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Structural Change and Europe's Golden Age

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  • Temple, Jonathan

Abstract

Most of the countries of Western Europe grew at unprecedented rates from the late 1940s until the early 1970s. Another feature of this period was dramatic structural change, as employment shifted from agriculture to manufacturing and services. This Paper uses growth accounting to measure the direct contribution of structural change to aggregate productivity growth. The conventional accounting framework is extended and then applied to Western Europe and the USA for the period 1950-90. The Paper quantifies the importance of structural change in explaining the Golden Age, the productivity slowdown, and the cross-country variation in post-war growth rates.

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Bibliographic Info

Paper provided by C.E.P.R. Discussion Papers in its series CEPR Discussion Papers with number 2861.

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Date of creation: Jun 2001
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Handle: RePEc:cpr:ceprdp:2861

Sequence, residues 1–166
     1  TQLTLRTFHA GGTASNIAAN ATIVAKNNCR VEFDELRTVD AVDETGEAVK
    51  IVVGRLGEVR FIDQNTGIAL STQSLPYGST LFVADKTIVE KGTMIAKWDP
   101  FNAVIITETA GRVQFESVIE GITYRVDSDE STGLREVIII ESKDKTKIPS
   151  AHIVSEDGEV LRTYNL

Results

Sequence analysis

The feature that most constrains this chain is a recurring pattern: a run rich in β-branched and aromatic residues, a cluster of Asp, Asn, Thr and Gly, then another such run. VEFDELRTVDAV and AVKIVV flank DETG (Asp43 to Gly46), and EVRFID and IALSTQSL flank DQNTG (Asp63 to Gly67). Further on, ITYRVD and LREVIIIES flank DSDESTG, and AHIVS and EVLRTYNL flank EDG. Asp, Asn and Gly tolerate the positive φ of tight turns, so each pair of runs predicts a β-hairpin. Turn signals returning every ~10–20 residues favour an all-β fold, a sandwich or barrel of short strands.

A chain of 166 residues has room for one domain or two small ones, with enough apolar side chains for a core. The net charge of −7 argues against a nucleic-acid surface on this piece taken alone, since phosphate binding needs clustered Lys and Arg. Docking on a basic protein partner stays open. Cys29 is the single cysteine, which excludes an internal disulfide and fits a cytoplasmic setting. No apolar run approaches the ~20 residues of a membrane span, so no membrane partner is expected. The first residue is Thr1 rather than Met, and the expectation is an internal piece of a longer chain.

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Related research

Keywords: growth accounting; labour reallocation; Structural Change;

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References

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  1. R. Paci & F. Pigliaru, 1997. "Is dualism still a source of convergence in Europe?," Working Paper CRENoS 199705, Centre for North South Economic Research, University of Cagliari and Sassari, Sardinia.
  2. Robert J. Barro, 1998. "Notes on Growth Accounting," NBER Working Papers 6654, National Bureau of Economic Research, Inc.
  3. Alan Krueger, 1999. "Measuring Labor's Share," Working Papers 792, Princeton University, Department of Economics, Industrial Relations Section..
  4. Moses Abramovitz, 1956. "Resource and Output Trends in the United States Since 1870," NBER Chapters, in: Resource and Output Trends in the United States Since 1870, pages 1-23 National Bureau of Economic Research, Inc.
  5. Robinson, Sherman, 1971. "Sources of Growth in Less Developed Countries: A Cross-Section Study," The Quarterly Journal of Economics, MIT Press, vol. 85(3), pages 391-408, August.
  6. Dowrick, Steve & Gemmell, Norman, 1991. "Industrialisation, Catching Up and Economic Growth: A Comparative Study across the World's Capitalist Economies," Economic Journal, Royal Economic Society, vol. 101(405), pages 263-75, March.
  7. Douglas Gollin, 2001. "Getting Income Shares Right," Department of Economics Working Papers 2001-11, Department of Economics, Williams College.
  8. repec:fth:prinin:413 is not listed on IDEAS
  9. Moses Abramovitz, 1956. "Resource and Output Trends in the United States Since 1870," NBER Books, National Bureau of Economic Research, Inc, number abra56-1.
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